So OMD were now sweating bullets for the first time in their musical career. The rise to the top and the consolidating smash third album had been as natural and easy as could be, and yet by 1983 they had run aground after three years; a pretty common run of success as pop music goes. Rare is the band who can maintain hits beyond that “three year hype window.” In an era when Altered Images would break up when their latest single only made it to 46, OMD decided to honor their Virgin contract and soldier on, but not without some big changes.
First on the chopping block? Their self-described “boring bank clerk image.” In the late 70s, there was a Post-Punk vogue for bands that wore simple dress shirts and thin ties. John Foxx kicked this off for his “System Of Romance” look [a.k.a. The Quiet Man] and Ian Curtis of Joy Division picked it up and gave it some more cachet, and by the time that OMD coalesced, they managed to turn what had been an anti-image into a real one. For three years, one could not see photos of the band without the solid dress shirt and thin tie combo. Their fans probably dressed following suit… I know I did! [spoiler alert: I am wearing a solid color dress shirt and a thin tie right now]
When OMD resurfaced in 1984, a year on from “Dazzle Ships” they were like peacocks in comparison in mid-80s designer fashions which probably cost them ten-twenty times their previous wardrobe budget. But in a cutthroat world of bands vying for chart supremacy, much less a dramatic comeback, clothes do make the men.
Next big change? Their songs now had a conventional verse/chorus structure. One of the defining traits of OMD was that many of their songs had instrumental recurring chorus structures. Not only did they have esoteric song themes and subject matter, but they largely eschewed the Tin Pan Alley tradition of verse/chorus/verse/chorus/bridge/chorus. This was an aesthetic compromise more serious than designer fashions.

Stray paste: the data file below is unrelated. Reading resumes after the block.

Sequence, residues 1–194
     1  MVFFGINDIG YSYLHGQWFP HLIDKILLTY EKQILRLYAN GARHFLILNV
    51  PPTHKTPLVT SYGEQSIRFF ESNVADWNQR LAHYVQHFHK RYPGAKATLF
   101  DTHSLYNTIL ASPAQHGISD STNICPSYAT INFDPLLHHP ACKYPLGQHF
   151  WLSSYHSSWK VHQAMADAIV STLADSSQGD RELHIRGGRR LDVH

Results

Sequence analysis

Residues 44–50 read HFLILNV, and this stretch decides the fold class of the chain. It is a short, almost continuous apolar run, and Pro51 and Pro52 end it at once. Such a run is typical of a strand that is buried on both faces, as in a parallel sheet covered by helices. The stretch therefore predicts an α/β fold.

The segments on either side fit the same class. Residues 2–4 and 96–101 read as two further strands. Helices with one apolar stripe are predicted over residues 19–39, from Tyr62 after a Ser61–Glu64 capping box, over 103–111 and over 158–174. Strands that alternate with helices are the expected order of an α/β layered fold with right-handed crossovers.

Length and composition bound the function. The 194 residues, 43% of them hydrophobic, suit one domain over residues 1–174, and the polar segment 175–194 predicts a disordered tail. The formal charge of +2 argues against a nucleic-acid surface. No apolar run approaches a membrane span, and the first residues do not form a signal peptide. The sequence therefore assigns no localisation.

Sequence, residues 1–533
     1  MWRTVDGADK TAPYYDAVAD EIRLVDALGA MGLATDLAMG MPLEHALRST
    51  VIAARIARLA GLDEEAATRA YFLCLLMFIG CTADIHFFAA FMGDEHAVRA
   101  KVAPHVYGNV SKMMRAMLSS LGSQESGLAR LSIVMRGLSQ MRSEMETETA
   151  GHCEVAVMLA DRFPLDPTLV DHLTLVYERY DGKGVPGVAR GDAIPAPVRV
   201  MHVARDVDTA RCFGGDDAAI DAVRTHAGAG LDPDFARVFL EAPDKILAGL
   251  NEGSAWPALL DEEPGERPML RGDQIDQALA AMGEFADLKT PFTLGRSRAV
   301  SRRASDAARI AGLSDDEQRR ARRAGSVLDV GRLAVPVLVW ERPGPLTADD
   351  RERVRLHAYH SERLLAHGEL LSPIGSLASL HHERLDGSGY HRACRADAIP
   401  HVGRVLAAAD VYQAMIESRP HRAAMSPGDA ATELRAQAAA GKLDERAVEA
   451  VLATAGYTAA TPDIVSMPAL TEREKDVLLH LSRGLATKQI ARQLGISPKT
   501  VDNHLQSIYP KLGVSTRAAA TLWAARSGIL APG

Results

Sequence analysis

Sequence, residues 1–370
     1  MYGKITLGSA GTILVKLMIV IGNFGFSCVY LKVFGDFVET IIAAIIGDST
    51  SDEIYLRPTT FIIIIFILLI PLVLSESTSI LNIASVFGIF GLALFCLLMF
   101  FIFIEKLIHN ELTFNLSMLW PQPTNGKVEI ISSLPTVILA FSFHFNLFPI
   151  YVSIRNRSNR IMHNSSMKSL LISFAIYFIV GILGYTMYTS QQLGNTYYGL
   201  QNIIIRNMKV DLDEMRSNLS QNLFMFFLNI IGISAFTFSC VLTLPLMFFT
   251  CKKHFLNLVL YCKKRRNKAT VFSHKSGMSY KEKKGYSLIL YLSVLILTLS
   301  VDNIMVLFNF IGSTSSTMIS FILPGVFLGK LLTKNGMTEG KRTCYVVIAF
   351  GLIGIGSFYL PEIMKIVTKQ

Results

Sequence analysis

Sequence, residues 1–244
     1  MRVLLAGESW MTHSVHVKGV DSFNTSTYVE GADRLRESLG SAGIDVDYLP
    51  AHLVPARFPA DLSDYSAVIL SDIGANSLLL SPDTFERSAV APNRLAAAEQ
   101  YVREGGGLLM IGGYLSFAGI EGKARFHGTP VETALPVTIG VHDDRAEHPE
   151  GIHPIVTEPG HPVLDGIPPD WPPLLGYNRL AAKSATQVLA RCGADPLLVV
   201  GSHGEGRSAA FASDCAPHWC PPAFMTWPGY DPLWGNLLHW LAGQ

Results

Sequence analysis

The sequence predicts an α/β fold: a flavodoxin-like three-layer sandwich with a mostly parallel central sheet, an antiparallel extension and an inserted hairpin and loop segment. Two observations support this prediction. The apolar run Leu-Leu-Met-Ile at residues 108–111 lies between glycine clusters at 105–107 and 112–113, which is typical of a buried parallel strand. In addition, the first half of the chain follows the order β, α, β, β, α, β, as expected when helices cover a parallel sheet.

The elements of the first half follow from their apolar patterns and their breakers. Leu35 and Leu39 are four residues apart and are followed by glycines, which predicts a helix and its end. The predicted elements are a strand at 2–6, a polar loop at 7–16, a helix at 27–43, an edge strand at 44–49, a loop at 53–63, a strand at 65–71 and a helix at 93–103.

Stylistically, they were a band with lead synths and little or no guitar. Sometimes Andy would play a bass guitar and at other times he used bass synth in the rhythm bed. By 1984, the writing was on the wall. All manner of bands from their Post-Punk peer group were adding the potential scourge of the mid-80s: a horn section. Elvis Costello + The Attractions, The Stranglers, David Bowie all had them with Duran Duran joining the fray the next year. Sure, sure. Martin Cooper played sax on their debut album, but now they would come to lean on him all the more. This was the era of the MOR sax solo and OMD were looking into it cautiously.
Then came possibly the biggest change: they would now write songs with the word “love” in the lyrics! This had the effect of making the band far less unique in the marketplace in a profound manner. The sense of geeky otherness of the band would gradually dissolve away as they adopted more common subject matter for their songs. With the benefit of hindsight, the pivot point that was the commercial failure of “Dazzle Ships” would come to be the band’s bête noir. I’d go further to say that it defined everything they did from that point onwards.
Next: …But what about the music?